Lonely Werewolf Girl by Martin Millar
|Lonely Werewolf Girl by Martin Millar|
|Reviewer: Elaine Dingsdale|
|Summary: Kalix, the lonely werewolf girl, is living rough in London, having been cast adrift by her somewhat dysfunctional Scottish clan. She befriends several humans, who rescue and aid her on numerous occasions, thereby setting in motion a series of events which are simultaneously hilarious and yet filled with pathos. Will she escape the vengeance of her elder brother…..read on!|
|Buy? Yes||Borrow? Yes|
|Pages: 608||Date: March 2010|
|ISBN: 978 - 0749942830|
The plot is simple - the werewolf of the title is 17 year old Kalix, exiled from her family due to her involvement in the head of the clan’s death. Her elder brother has set a price on her head, and is pursuing her with all sources he can muster. It sounds horrific? It is indeed, and there are some truly gruesome scenes, as werewolves battle amongst themselves, or with the humans who come into their orbit. However, these scenes do serve a purpose (to remind us perhaps, that they are werewolves, and not humans?!), and by and large do not occupy too large a part in the narrative.
Overall, this is a hugely comic work, with humour which works on many levels - the interaction of the characters, their speech and perceptions - and the juxtaposition of the two worlds. Into this bizarre set up, come characters from the fairy/elemental realms, and the co-existence of all these superbly delineated characters is a joy to read. Kalix, the gaunt and hunted creature, is so human like in many ways, that her predicaments become those of every teenager, (Nobody likes me,When can we get cable TV, Do I look silly in this?) I defy you not to sympathise and want to mother Kalix by the end of the novel, so endearing is she in her own unique way. Befriended by two students, they give her a safe haven, despite her propensity to eat vast quantities of raw meat - and then regurgitate it minutes later! This and various other foibles do make for entertaining reading - and yet, at the same time, we are filled with a certain empathy for her suffering - both physical and emotional.
Another beautifully depicted character is Malveria, the Fire Elemental Queen, who enters the novel at regular intervals (usually through a cloud of smoke…) to chase up the production of various ball gowns being made for her by Kalix’s elder sister. Malveria is hugely entertaining - forever threatening to visit unspeakable terrors upon her young niece, who tries her patience to the limit. But all along showing herself to be a big softy at heart - as evinced by her joy at the rather strange presents Vex gives to her.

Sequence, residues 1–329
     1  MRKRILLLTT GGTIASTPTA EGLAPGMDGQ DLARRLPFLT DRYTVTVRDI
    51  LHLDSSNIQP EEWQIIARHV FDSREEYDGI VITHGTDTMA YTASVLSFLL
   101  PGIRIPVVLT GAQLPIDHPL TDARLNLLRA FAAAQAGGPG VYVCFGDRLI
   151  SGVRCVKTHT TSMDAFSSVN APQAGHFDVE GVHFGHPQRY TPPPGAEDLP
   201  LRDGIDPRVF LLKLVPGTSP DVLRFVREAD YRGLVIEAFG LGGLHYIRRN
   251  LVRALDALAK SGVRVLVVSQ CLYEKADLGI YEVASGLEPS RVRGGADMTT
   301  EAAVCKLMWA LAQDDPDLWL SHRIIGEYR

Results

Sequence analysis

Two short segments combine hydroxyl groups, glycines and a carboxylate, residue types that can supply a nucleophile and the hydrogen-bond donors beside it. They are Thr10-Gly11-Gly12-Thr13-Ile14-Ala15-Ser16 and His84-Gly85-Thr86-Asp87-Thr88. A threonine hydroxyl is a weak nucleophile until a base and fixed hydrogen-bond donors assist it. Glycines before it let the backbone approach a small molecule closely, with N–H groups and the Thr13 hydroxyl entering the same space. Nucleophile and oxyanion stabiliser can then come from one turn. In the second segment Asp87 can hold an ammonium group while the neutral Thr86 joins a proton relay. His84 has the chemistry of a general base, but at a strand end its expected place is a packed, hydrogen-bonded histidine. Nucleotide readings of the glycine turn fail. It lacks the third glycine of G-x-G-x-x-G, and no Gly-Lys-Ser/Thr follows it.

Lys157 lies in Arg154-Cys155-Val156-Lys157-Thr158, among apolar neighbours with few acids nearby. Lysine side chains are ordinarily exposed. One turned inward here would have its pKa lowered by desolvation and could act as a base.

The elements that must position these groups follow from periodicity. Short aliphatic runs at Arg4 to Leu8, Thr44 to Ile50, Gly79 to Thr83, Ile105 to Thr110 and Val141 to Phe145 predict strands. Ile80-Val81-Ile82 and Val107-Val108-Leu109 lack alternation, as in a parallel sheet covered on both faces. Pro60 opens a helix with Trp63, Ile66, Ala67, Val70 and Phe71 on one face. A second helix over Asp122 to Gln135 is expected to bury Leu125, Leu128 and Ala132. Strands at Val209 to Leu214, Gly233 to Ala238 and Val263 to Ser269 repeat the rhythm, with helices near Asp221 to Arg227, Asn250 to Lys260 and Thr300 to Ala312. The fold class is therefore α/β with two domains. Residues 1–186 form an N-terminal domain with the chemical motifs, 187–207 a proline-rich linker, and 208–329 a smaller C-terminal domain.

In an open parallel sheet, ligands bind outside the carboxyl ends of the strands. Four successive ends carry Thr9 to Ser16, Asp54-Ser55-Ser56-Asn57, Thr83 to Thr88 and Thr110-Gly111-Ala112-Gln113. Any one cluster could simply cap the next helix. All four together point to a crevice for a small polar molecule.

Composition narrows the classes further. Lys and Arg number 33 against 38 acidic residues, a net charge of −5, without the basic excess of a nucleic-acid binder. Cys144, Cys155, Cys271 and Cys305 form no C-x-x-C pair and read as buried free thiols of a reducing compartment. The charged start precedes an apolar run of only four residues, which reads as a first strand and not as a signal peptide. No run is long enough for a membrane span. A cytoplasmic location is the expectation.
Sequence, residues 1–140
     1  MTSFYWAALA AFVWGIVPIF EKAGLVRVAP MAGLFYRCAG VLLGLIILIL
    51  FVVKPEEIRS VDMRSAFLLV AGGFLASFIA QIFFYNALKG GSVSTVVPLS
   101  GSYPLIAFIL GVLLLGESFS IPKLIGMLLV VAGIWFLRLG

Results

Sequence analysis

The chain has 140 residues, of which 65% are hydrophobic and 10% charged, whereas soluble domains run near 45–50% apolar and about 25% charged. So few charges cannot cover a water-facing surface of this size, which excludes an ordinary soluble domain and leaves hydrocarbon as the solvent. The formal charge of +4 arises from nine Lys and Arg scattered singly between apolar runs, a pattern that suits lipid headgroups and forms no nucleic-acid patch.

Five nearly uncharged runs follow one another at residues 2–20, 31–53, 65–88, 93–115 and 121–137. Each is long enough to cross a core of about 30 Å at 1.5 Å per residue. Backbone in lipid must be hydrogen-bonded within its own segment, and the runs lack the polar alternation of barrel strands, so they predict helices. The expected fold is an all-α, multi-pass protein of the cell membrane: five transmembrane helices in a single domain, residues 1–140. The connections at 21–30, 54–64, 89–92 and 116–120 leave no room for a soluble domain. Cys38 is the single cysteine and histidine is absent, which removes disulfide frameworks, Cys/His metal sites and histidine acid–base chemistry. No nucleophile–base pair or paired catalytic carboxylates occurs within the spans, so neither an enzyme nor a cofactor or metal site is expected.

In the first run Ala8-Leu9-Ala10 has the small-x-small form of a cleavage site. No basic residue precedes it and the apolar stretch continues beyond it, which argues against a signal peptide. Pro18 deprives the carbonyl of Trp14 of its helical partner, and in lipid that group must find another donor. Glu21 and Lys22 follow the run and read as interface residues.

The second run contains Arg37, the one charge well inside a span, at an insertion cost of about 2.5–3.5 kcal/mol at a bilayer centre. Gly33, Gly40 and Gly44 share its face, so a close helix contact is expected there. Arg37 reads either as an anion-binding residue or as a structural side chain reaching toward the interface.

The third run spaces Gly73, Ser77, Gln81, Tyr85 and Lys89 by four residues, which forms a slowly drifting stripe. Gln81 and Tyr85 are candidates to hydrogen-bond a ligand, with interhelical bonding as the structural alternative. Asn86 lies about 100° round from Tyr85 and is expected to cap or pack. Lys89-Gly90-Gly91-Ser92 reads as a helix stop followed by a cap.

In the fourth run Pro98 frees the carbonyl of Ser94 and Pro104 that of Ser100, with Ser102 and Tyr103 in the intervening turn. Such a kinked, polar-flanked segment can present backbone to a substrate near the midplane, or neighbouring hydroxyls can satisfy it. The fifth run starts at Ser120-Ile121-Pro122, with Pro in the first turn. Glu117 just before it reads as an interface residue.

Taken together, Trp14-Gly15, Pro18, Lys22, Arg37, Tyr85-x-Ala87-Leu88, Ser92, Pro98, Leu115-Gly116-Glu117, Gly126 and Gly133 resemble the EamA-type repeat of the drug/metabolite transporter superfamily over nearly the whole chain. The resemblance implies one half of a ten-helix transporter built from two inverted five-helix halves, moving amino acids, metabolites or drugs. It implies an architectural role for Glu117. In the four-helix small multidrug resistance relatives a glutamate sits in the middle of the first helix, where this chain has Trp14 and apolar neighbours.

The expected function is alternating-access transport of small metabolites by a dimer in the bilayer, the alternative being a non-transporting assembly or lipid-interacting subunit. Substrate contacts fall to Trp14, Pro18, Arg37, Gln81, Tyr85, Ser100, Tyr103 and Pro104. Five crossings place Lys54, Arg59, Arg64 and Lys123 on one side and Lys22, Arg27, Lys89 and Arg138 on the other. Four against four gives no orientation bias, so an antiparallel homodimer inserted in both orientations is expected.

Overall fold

The interplay between Malveria and Vex, and all the other characters, is perhaps the most enjoyable part of the book. Here we have a hugely strong Queen, who has saved her world on more than one occasion - and is reduced to a gibbering wreck, worrying at the thought of the designs for her wardrobe being copied/stolen! She also loves pop tarts with a passion… I have no idea why this amused me so much, but every time it came up, off I went into gales of laughter. In fact, am having a bit of a smirk even now, just thinking of it… the Fire Queen who would sell her soul for a poptart… wonderful!
All of the characters are strangely human - even more so than the human characters, who somehow seemed a bit two dimensional - which is maybe no huge surprise when viewed alongside this colourful menagerie. The female werewolves were by far the more interesting - stronger, more focused and determined than their male counterparts. A few of the females, at home on the clan estate were quite intriguing, and it was a pity that Millar didn’t devote more time to them. The redoubtable matriarchs could supply enough material for another book!
In fact, one of my few complaints would be that a better balance would have been struck, had more time been spent on the narrative in the Highlands - more background information and history to this strange clan would have been welcomed. In fact, even better had it come at the expense of the final chapters - which seemed to hang forever whilst waiting for the final showdown. I started reading at speed as I was enjoying so much - but the final quarter or so of the book did go on rather - and even when the conclusion came, it was far from satisfactory - perhaps leaving the way open for a sequel? Now, that would be good…
This is only the second novel by Millar that I have read - but it won’t be the last - he simply is an amazingly talented, and witty author, who deserves his wide following. I’ve categorised this as fantasy - but in fact, it is an excellent work of humour and pastiche.
I'd like to thank the publishers for sending a copy to The Bookbag.
If this book appeals to you then why not try No Humans Involved by Kelley Armstrong?
You can read more book reviews or buy Lonely Werewolf Girl by Martin Millar at Amazon.co.uk
You can read more book reviews or buy Lonely Werewolf Girl by Martin Millar at Amazon.com.
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